Have you ever made pork tenderloins that have buckled into an unwieldy boomerang shape? Did you find yourself gnawing on chewy bits of tough membrane when you ate them? Read on to rid yourself of buckled, chewy tenderloins for good.
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10 ingredients. 45 minutes. Quick, easy, and fresh weeknight recipes.
Pork tenderloins are a favorite of mine for weeknight dinners because they are quick-cooking and lean and they pair beautifully with all sorts of flavors. But they require a brief bit of prep before cooking, which is easy enough to do when you know how.
Grilled Honey-Ginger Pork Tenderloin and PlumsA luscious honey-ginger butter sauce cloaks mild pork tenderloin and juicy plums.
How to Trim Pork Tenderloins
Even when I’m rushed, I never skip the first step to preparing this cut: trimming. Fresh out of the package, a pork tenderloin will be partially surrounded by some exterior fat and a shiny membrane known as the silver skin. I’m happy to leave some of that flavorful fat (though it can cause flare-ups on the grill), but the silver skin—which is unpleasantly chewy and can cause the tenderloin to buckle when cooked—has to go entirely. Here’s how to remove it.
- Pat the tenderloin thoroughly dry with paper towels (wet pork straight from the package is slippery and difficult to handle) and place it on a cutting board.
- Slip the tip of a thin boning or paring knife under the surface of the silver skin where it connects to the meat near the middle of the tenderloin.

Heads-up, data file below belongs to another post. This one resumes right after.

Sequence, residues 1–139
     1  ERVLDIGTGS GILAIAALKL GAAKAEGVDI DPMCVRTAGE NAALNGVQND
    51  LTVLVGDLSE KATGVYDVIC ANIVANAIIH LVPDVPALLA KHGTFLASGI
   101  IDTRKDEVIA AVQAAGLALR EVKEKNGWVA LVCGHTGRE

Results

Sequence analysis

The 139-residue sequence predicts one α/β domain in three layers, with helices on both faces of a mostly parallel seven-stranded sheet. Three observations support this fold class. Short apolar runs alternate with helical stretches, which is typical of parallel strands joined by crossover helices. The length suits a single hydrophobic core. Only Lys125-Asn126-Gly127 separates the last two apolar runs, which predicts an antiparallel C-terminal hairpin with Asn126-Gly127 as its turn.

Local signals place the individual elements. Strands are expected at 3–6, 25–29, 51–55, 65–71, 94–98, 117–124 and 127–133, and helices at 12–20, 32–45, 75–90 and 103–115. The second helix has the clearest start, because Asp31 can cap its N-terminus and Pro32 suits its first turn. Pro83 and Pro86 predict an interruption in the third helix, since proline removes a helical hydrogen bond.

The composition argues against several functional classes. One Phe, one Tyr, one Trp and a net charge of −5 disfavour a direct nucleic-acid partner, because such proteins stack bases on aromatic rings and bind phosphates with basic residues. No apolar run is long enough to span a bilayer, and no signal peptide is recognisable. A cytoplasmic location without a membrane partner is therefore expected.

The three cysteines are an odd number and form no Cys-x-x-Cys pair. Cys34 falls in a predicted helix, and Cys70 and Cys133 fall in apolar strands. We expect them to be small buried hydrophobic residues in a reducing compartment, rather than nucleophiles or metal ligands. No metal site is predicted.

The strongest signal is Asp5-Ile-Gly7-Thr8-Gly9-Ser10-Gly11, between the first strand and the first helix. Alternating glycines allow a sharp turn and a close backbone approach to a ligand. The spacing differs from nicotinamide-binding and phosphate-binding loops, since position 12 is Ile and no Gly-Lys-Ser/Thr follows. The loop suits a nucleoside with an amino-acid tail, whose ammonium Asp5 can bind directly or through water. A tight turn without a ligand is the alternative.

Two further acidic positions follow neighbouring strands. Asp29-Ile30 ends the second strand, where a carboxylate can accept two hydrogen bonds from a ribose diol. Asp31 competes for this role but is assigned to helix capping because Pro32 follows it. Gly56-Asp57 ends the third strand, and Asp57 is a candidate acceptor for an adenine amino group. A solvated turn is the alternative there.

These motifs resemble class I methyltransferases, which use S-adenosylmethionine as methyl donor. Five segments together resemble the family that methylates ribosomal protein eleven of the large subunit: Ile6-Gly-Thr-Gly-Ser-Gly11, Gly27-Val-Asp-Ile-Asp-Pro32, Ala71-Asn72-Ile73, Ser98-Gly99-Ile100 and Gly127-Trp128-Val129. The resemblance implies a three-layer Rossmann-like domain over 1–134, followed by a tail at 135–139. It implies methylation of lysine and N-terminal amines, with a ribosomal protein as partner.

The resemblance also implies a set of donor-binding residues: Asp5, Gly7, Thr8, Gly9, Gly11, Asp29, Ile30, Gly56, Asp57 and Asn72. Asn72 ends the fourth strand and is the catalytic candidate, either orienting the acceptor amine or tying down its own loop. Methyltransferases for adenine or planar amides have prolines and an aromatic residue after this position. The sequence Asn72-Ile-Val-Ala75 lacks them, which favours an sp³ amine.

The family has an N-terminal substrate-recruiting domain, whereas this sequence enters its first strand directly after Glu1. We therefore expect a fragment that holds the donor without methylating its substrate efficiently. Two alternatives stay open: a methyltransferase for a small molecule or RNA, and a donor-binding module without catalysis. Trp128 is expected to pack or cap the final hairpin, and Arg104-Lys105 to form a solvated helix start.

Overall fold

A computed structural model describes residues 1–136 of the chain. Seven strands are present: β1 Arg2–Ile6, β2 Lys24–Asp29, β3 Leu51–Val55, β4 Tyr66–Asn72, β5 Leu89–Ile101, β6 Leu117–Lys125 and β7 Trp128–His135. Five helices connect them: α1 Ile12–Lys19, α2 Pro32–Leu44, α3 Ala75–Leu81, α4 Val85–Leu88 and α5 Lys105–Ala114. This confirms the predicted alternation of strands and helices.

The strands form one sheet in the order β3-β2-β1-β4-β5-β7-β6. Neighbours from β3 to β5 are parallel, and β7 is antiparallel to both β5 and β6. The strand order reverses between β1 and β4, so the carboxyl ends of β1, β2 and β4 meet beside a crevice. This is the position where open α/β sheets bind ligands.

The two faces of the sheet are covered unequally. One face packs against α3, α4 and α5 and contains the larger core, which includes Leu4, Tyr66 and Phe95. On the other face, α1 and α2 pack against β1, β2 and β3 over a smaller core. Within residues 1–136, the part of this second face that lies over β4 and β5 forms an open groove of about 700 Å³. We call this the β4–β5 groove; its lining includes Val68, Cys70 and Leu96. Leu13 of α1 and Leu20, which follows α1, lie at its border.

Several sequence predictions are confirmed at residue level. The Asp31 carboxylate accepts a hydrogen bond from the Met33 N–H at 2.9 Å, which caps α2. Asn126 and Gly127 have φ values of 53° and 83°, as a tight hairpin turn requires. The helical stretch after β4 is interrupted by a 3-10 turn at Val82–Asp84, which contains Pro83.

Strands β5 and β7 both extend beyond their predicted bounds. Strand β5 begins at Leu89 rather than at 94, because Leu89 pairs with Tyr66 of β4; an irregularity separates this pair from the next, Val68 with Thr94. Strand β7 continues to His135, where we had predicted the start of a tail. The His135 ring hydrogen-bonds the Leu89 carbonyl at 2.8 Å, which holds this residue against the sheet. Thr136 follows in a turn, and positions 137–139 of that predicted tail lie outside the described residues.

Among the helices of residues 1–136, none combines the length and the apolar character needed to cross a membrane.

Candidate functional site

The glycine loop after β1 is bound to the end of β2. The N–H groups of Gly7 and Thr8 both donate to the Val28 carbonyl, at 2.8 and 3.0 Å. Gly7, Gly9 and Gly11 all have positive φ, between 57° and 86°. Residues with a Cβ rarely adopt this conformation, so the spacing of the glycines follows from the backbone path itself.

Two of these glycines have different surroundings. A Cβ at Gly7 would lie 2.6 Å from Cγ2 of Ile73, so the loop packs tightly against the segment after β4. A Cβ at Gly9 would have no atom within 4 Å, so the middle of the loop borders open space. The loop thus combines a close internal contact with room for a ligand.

- Slide the blade of the knife parallel to the surface of the meat just under the membrane to remove a long strip of silver skin.
- Repeat this process as many times as necessary to remove all the silver skin in strips.
Don’t overlook this simple technique; after a few quick knife cuts, you’ll be on your way to picture-perfect pork that is truly tender inside and out.
Maple-Glazed Pork TenderloinPork tenderloins taste great and cook quickly, which makes them one of our favorite weeknight meals. For this recipe, we used a cornstarch-thickened sauce to make quick work of glazing the meat.
How To Cook Juicy Pork Tenderloins Every Time
My go-to method for cooking pork tenderloin is to leave it whole and always aim for a final internal temperature of 140 degrees. Here’s a general guide for unfailingly juicy results.
- After trimming the tenderloins, season the exteriors generously with salt and pepper or whatever spice rub you’re feeling that day (my favorites are five-spice powder and herbes de Provence, and I always add a touch of sugar to enhance browning).
- Sear the tenderloins briefly (either over direct heat on the grill or on relatively high heat in a skillet) until well browned all over.
- Move the tenderloins to indirect heat (the cooler side of the grill or a 350-degree oven) to finish cooking through, aiming for a final temperature of 140 degrees.
- Let the tenderloins rest on a cutting board for about 10 minutes so that the juices redistribute rather than spill out upon slicing.
There’s little up-front prep, so this method is fast, and it results in juicy, unfailingly tender pork every time.